That memo wasn't penned by Haley, incidentally, but Neal Popp — the agency's deputy director of bus maintenance. Muni spokesman Paul Rose claimed this wasn't unusual.

Perhaps it's also not unusual that Popp's memo was punched into a cellphone in text-message language at 6:06 a.m., when he was hundreds of miles from San Francisco.

In April 2010, attorney Scott Whitsitt ambled out of his office on Mission and Beale. He judiciously allowed a 14-Mission to pass him before stepping off the curb — right in front of another 14-Mission. Witnesses heard him shriek, "Oh God, no!"

Now you see it, now you don't: An "S-1 Gard" is missing from the bus that killed Chang Jin Lai.
Left: Photograph by Evan DuCharme. Right: KTVU Channel 2
Now you see it, now you don't: An "S-1 Gard" is missing from the bus that killed Chang Jin Lai.

And then he was gone.

His husband's resultant wrongful death suit against the city takes aim at the bus driver — and, Lord knows, she proved to be an ample target. Per the suit, she "mistook the brake pedal for the accelerator pedal." Also, she was "busy unwrapping a candy bar with both hands" in the moments before striking Whitsitt. A Muni source confirmed to your humble narrator that investigators even located the wrapper beneath the steering wheel.

Left unmentioned in this suit, however, was the mile-long record of problems ominously afflicting this bus prior to its lethal accident. Documents obtained by SF Weekly in 2012 reveal "Preventive Maintenance and Defects/Repair records 60 days prior to the incident date shows a history of 15+ defects to the Brake and Propulsion System." The coach was demonstrating "a pattern of vehicle malfunction as recently as two days before the incident."

But since the driver was such an easy legal target, none of this was ever seriously examined. We'll never know if the bus would even have stopped had the driver managed to find the correct pedal. Muni remains unchanged.

The cause of Lai's death, however, seems as unambiguous as it was needless. And yet powerful elements within Muni still battled to maintain the agency's ludicrous status quo.

It was deemed more expedient for Muni to cover its rear end than its rear wheels.

And, even after outside pressure shamed the agency into action, it still claims it violated no "regulatory" requirements. Its official position is that, in establishing a policy to install devices on the bus to prevent people from being crushed, it was doing everyone a favor.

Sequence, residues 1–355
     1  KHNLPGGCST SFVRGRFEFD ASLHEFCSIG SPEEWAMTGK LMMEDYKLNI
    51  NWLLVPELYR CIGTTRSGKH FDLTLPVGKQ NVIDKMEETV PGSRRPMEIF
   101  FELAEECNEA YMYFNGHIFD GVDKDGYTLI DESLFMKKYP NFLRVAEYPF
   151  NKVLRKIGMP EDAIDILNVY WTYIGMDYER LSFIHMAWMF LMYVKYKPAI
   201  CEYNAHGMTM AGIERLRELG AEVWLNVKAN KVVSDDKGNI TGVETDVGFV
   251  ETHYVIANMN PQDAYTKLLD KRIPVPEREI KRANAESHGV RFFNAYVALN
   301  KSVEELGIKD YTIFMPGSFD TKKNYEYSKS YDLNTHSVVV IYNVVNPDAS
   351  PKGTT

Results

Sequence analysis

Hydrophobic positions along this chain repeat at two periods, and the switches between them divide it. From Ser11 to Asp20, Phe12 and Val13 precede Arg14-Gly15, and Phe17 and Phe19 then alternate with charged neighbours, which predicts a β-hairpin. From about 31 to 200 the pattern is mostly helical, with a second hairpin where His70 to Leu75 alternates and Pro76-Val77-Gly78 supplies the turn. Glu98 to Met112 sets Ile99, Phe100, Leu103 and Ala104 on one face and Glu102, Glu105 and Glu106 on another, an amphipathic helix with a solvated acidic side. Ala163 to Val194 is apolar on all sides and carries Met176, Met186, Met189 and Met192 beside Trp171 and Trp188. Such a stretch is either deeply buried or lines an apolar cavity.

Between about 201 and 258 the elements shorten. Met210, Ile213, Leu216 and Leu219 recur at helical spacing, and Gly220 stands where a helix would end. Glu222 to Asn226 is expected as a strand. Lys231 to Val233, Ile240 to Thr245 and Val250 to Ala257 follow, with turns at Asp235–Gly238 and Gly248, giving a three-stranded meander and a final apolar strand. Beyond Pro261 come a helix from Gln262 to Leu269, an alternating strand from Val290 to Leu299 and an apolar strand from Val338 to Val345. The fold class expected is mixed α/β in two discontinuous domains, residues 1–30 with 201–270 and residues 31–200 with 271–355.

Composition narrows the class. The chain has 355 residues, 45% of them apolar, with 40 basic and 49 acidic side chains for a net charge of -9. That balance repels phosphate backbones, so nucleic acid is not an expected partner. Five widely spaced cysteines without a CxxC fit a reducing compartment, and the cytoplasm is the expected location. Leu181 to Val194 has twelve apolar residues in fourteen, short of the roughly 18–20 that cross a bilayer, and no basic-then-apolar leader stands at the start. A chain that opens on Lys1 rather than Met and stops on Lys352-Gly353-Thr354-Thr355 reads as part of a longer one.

S-1 Gards are a proactive device. But Muni remains a reactive agency.

The fleetwide inspection is complete. A policy has been crafted. We have, after all of this, arrived at the right place. But, just like a journey on a crosstown bus, it was lengthy, unnerving, and far from pleasant.

For Muni, perhaps, this is a natural process that is in harmony with its environment.

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8 comments
jasongrantgarza
jasongrantgarza

Jason Grant Garza here ... WHAT? "The agency's response wasn't to protect the people of San Francisco. It was to protect itself." This comes as a SURPRISE to anyone ... type Jason Garza into youtube to see over 250 videos of different agencies use "RISK MANAGEMENT" tactics to obstruct investigations, not perform correctly, not be accountable, etc. This happens for example the Sheriff, SFPD, DPH OCC, MOD. HRC, the Police Commission, the Chief of Police, etc.  Watch the GAMES, INHUMANITY and LEARN they DO NOT CARE. Oh and how many fingers are the Sheriff and DPH pointing as the result of the DEAD woman at SF GENERAL ... watch learn.

Keep DRINKING the KOOL-AID

whateveryousay
whateveryousay topcommenter

Just more proof that we shouldn't ride bikes.


塞繆塞繆
塞繆塞繆

So a person has to die for fuckin Muni to fix there shit! WTF. What a shame!!!

Cynthia McGarvie
Cynthia McGarvie

Horrible organizational culture right there in plain sight.

Jessica Tovar
Jessica Tovar

i can't stand to read the rest of the article, wtf

Blake Ellis
Blake Ellis

Our fares keep rising, they keep failing.

 
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